This is a theory that could apply to anyone, but the best example from this movie is Kit and her relation to Dottie. Kit’s main sense of self is mainly in relation to everything her sister does. After the first ball game of the movie, the sisters are walking home. Kit is down on herself from comments she heard from spectators at the game. Things were said to her like, “good thing your sister bailed you out”(Columbia Pictures, 1992), and “Kit, why don’t you get your sister to teach you how to hit”(Columbia Pictures 1992), and through interacting with the world this way, she comes up with her idea of what these people mean when they say these things to her. She goes on to say “Kit why can’t you be beautiful like that sister of yours, Dottie”(Columbia Pictures, 1992). This is not actually a comment anyone made, she reveals, but this is how Kit interprets the meaning of their interactions with her. As Dottie tries to shrug off Kit’s perceptions of herself, Kit describes how she feels when her dad introduces the two of them in a social setting. He would say, “This is our daughter Dottie, and this is our other daughter, Dottie’s sister”(Columbia Pictures, 1992). Kit never gets to just be Kit, she is always defined in relation to her sister up until the very end of the movie. This theory can also be applied to Dottie as well, but she has a different experience with the world. Dottie is told by many that she is a great ballplayer, “the best in the league,” “the goods,” “the queen of diamonds”(Columbia Pictures, 1992), and so on. She has a very easy time moving through life in regards to baseball compared to her sister. This language they interact with is the source of their meaning. Kit tries to hit the ball but can’t, she is told that she cannot hit the ball like her sister, therefore she thinks she is seen as a lesser player to her sister. It’s not that she believes that, she is just tired of being stuck in Dottie’s shadow. Dottie on the other hand is older, seen as slightly prettier, but her concept of herself is not solely based on her performance in baseball. She also develops her self-concept from interacting with her husband, who tells her she is beautiful when she does not believe so, and her interactions with her manager. She hears all of these things from people, but doesn’t think baseball is as important to her self-image as others.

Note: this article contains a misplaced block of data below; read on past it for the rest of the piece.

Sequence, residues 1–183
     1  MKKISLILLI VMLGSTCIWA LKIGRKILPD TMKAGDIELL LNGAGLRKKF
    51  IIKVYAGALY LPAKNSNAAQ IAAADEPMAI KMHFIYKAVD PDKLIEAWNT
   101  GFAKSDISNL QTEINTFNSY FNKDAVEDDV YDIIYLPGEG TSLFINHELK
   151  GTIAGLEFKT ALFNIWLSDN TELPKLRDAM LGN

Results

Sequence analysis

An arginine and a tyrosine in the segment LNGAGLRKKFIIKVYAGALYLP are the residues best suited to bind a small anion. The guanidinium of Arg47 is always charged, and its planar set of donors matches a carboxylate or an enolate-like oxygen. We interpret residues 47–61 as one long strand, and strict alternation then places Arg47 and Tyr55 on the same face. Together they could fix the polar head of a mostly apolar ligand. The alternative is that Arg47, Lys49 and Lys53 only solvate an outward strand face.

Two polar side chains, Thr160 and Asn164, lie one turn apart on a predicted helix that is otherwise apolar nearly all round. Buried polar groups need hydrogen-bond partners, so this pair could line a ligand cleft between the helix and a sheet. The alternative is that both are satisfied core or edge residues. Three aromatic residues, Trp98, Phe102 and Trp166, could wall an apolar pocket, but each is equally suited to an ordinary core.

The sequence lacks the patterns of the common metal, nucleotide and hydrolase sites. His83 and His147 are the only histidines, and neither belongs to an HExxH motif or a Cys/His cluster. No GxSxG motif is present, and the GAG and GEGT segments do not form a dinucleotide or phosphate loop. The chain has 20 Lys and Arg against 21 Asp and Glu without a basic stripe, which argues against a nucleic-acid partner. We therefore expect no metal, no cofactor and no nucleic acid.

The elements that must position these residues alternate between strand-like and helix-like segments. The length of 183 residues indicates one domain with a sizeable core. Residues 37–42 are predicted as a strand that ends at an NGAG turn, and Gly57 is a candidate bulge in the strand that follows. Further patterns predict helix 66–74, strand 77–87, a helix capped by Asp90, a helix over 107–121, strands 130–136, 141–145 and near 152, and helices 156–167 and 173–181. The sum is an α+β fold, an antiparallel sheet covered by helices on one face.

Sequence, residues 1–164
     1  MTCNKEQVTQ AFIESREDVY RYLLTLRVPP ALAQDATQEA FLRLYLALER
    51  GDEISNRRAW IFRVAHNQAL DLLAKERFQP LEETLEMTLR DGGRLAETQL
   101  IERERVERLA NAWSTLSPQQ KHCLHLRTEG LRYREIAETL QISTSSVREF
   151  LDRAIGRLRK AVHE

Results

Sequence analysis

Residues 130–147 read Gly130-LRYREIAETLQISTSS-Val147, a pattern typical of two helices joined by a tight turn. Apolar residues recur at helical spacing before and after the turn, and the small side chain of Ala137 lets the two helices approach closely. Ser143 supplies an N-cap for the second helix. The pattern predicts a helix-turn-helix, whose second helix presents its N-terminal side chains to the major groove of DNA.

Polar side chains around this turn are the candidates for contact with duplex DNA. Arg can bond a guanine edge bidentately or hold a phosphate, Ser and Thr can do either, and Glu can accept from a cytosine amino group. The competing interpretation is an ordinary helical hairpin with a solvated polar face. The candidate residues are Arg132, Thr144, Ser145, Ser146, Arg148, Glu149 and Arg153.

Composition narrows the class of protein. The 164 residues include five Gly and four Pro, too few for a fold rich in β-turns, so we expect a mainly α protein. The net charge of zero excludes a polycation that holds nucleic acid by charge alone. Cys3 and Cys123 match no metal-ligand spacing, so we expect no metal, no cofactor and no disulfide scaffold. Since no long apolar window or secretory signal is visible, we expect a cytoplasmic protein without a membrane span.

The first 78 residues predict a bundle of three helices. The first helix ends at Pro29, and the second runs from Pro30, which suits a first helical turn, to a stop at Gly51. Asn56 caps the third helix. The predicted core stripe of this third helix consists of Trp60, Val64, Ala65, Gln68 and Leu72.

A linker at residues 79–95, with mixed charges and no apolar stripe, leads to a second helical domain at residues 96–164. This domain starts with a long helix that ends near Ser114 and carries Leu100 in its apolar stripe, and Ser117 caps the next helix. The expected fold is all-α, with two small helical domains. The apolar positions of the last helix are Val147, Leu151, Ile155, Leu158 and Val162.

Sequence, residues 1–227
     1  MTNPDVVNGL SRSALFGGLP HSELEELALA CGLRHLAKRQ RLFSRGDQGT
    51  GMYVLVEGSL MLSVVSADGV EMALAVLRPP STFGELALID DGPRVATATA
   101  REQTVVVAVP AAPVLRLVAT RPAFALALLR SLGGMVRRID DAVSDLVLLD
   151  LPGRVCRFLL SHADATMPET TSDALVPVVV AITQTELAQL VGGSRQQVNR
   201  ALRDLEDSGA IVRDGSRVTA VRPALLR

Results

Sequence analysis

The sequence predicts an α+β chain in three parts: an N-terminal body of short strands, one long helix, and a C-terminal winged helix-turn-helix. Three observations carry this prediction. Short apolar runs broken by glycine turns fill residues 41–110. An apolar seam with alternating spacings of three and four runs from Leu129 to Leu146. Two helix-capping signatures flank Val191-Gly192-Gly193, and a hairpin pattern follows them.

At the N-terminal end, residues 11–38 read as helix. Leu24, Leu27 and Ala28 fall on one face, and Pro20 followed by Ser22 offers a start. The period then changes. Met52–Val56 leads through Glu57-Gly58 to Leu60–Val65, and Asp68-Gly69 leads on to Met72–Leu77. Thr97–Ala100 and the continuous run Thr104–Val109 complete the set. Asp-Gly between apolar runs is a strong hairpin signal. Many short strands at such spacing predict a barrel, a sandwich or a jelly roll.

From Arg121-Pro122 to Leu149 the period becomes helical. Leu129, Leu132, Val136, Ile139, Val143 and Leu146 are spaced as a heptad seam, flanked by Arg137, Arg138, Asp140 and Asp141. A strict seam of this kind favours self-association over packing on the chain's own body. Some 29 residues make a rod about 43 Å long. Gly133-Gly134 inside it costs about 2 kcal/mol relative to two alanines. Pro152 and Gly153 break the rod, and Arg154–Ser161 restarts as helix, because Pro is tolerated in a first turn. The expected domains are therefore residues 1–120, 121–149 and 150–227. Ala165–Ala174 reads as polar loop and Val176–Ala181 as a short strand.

After a tough game for Kit, where her sister told their manager to pull her out of the game, Dottie is forced to look at what it is like to be Kit. Dottie then threatens to quit the league. Dottie tries to get herself removed from the team, however, it results in Kit being traded from the team. Kit is not happy about this obviously, and storms in the house, throwing a baseball at her sister and breaking a window. This could be seen as an “I” concept of the Looking Glass Self. It is a novel, spontaneous act. When Dottie is confused as to why they did not trade her, Kit says “oh yeah they’d really trade you. Miss Star, Miss Perfect.” In this instance Kit steps outside of herself and again, sees herself just as everyone else sees her: an extension of her sister. Both of the sisters exist alone and act spontaneously, as well as try to see themselves outside of their own being.